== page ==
Quiet Mountain, Opus 37 by Neal Corwell

Instrumentation: Duo with CD accompaniment.
Available in 4 different versions:
1) duo for trombone and tuba (or euphonium or bass trb. as tuba substitute)
2) duo for flute with trombone
3) duo for flute with tuba (or euphonium or bass trb. as tuba substitute)
4) duo for clarinet with trombone
Copyright: 2000 (versions involving flute & clarinet were created in 2011)
Duration: ca. 8 minutes
Range: FF to d-1 for tuba, C to c-2 for trombone
Difficulty: III
Publisher: Nicolai Music
Price: $20** (includes accompaniment CD and printed music with acc. cues)*
*please designate instrumentation because all 4 versions are different from one another (although all use the identical accompaniment CD)

a great opportunity to add to your music library!

Other Info: The original version, for trombone and tuba duo with CD, was premiered by Neal Corwell and Velvet Brown at International Tuba Euphonium Association Conference in Regina, Canada, 2000. The other three versions, involving flute or clarinet, were created in 2011.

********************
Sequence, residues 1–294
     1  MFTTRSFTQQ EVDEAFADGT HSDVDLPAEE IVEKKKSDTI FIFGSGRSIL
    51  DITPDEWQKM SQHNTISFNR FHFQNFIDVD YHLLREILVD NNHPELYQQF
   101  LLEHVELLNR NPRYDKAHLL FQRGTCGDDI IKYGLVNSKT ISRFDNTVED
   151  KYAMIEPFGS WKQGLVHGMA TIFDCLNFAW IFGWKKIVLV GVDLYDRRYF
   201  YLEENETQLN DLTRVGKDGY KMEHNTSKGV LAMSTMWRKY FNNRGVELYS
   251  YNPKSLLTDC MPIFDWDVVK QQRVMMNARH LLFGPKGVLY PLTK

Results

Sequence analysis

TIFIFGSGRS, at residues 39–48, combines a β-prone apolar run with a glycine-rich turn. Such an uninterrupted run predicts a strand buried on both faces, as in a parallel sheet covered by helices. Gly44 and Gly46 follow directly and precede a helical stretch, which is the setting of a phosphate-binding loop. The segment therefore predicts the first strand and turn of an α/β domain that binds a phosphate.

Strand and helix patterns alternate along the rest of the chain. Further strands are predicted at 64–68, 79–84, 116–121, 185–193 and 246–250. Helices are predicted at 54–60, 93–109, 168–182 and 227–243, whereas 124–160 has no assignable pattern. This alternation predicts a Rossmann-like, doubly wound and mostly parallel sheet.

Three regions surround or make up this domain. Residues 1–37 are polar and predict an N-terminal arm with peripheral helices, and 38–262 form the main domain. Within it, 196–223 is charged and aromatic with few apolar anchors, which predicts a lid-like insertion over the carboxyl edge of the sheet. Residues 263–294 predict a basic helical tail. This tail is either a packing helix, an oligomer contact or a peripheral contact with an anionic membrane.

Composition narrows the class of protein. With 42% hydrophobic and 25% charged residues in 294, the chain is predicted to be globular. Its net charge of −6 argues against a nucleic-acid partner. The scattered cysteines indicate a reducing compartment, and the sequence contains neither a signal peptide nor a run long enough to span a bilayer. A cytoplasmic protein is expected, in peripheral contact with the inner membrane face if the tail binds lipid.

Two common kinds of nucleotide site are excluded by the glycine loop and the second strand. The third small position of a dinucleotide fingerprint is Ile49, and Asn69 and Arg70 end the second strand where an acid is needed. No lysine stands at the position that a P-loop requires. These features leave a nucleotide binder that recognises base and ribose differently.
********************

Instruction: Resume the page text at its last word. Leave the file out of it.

The inspiration for Quiet Mountain was the view, through the early morning fog, of Mt. Eniwadake, as seen across the smooth waters of Lake Shikotsu. It was in a Japanese National Park on the island of Hokkaido that the composer had the privilege of witnessing this beautiful and quiet scene. In 1994, Neal Corwell had been invited to Sapporo, Japan as guest artist at a music camp, and it was during the last few hours of his visit that he traveled through the park, escorted by his host Chitate Kagawa and his wife Sachiko. The composer has attempted to capture within the music three things: the natural beauty and solitude of the scene, his respect for the traditions of the Japanese people, and his feelings of nostalgia at having to depart from a country where he had been received with much warmth and graciousness.

Although originally intended as a duo for trombone and tuba, the nature of the piece makes the euphonium a viable substitute for the tuba. The composer has also created a version in which two euphoniums join the trombone to form a trio, and in 2011, three new versions, involving flute and clarinet, were published. All incarnations of the work use the same CD accompaniment. Technical challenges are few because the emphasis is on free lyrical expression. As the accompaniment provides a sustained and subtly shifting backdrop, the live performers answer one another freely and unhurriedly. For only one brief section in the middle of the piece is there a regular metered pulse, and drum beats heard during this section make it easy for the performers to synchronize with the recorded accompaniment. There is a loud dramatic climax at the end of the metered section, but all else is quiet and ethereal.